“This isn’t surprising. People use social media to visit, connect with friends, look at  pictures, watch goofy videos, waste time when they’re supposed to be working, and rant about their likes and dislikes. So it isn’t any wonder that nearly all marketing messages fall flat in that environment.

 The trick, of course, is to engage with people in a way that moves them off of social media and onto your contact list. But that’s no easy task. The few that succeed at this will benefit from social media. All others will be spinning their wheels.”

Now, that didn’t take long. I was able to prove my position in just two paragraphs. All I did was tap into what people already are experiencing in their own efforts to make social media pay off as a marketing vehicle. And one of the best ways to provide proof is to bring to the surface what people already suspect but haven’t yet verbalized.

Rule #3: You only have to be mildly controversial

Here’s the best part. Making crazy or irrational statements is not the way to successfully employ this strategy. If you come across as mean, attack others, or make statements that don’t ring true, you’ll spoil the entire effect of this strategy.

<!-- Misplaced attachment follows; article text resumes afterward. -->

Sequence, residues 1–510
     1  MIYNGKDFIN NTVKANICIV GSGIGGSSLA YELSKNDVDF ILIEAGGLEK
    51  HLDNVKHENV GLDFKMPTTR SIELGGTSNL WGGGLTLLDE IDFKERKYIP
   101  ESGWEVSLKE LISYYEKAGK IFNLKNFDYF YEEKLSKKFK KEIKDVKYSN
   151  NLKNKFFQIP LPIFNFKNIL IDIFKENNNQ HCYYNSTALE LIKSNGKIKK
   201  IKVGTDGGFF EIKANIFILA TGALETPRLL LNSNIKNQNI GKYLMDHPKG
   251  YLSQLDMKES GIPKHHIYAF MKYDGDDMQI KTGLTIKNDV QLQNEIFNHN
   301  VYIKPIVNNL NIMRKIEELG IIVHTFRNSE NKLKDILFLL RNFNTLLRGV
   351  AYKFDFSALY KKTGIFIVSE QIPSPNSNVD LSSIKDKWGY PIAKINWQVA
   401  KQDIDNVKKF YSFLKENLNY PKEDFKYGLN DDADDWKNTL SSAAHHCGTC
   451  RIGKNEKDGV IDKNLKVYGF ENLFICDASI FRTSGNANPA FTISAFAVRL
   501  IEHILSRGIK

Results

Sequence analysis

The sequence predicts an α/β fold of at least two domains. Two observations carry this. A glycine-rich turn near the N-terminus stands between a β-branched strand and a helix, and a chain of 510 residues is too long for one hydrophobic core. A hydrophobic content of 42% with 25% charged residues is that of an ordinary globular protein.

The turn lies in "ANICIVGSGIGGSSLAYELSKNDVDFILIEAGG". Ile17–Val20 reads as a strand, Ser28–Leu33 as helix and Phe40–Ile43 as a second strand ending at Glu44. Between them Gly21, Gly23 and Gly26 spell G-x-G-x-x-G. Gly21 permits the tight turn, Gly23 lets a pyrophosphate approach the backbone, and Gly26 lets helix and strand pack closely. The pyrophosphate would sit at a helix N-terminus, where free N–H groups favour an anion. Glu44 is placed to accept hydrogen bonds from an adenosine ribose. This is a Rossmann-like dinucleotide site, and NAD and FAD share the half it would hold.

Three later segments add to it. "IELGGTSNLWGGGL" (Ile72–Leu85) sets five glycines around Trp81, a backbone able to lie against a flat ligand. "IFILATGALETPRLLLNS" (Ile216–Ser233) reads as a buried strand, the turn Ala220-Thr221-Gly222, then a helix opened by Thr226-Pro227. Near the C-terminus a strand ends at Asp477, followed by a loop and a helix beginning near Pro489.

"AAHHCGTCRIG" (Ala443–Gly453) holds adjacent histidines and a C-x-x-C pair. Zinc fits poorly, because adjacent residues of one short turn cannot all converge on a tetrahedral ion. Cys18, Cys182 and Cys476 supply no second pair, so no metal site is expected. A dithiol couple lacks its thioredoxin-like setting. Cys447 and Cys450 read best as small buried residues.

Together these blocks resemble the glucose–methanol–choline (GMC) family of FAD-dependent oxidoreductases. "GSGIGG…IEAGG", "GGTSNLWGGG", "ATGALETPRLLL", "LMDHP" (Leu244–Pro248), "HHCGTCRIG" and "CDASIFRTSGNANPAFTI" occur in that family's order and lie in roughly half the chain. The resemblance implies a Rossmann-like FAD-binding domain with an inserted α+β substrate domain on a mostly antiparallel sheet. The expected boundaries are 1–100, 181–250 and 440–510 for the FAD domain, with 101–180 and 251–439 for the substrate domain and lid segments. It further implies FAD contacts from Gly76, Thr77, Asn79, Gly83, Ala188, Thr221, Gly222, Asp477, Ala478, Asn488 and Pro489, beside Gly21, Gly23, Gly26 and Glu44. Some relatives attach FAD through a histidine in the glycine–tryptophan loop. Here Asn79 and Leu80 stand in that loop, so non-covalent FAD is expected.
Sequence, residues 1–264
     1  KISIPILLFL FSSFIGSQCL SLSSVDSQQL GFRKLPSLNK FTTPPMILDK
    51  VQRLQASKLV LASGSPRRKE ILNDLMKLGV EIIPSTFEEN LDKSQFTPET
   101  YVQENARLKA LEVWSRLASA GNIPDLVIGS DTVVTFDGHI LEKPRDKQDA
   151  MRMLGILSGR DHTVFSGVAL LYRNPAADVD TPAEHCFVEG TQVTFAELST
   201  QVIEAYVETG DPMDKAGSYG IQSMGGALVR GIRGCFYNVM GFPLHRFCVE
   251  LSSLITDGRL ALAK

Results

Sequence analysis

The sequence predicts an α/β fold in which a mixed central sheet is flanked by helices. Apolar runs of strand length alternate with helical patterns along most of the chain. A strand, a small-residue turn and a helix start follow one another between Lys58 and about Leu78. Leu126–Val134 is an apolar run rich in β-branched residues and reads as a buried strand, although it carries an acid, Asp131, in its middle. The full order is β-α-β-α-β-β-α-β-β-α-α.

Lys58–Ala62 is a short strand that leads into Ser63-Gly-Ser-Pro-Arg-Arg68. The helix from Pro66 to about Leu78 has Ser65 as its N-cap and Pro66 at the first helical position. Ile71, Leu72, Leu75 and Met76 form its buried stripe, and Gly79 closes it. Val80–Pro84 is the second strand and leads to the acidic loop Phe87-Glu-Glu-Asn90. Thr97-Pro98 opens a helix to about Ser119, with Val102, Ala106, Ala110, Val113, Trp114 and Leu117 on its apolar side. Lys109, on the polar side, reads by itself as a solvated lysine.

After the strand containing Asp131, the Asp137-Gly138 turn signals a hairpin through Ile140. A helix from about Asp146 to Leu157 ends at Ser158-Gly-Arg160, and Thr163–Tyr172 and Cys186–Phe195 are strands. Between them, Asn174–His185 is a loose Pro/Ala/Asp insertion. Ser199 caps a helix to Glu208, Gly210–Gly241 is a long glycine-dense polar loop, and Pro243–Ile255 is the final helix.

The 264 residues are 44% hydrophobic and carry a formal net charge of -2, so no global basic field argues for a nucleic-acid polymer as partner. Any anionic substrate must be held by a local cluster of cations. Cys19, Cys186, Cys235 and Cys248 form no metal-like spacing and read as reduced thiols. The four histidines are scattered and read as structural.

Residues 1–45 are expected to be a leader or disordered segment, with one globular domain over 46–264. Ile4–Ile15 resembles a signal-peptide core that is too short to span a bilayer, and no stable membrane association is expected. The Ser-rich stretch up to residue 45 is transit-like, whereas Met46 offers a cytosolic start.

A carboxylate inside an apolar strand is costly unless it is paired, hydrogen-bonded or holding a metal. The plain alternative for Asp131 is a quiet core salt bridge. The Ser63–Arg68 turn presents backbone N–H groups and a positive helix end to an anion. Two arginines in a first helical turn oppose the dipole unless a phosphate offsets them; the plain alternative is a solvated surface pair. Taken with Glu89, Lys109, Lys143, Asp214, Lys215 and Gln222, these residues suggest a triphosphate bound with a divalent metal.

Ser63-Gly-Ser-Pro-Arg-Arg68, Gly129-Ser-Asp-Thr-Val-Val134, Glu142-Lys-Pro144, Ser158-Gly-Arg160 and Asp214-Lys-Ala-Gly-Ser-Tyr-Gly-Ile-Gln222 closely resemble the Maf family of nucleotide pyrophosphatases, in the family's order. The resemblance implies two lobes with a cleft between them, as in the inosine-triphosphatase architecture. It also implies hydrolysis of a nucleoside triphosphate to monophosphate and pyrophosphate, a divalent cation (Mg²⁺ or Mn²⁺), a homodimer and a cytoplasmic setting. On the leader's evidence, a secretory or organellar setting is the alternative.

Be sincere, be kind, and state an opposing position you truly believe in. Because so much of what people see and hear is the same old cookie-cutter advice, all you have to do is take a small departure from the conventional wisdom to get the desired result.

Rule #4: Don’t take yourself too seriously

Another component that really helps is not taking yourself too seriously. Have a little fun with your contrarian advice. Poke fun at yourself. It makes you come across as more human and people will appreciate you for it.

For example, in my post, one of my sub-heads was, “6 wild-eyed, raving, possibly even usable predictions”.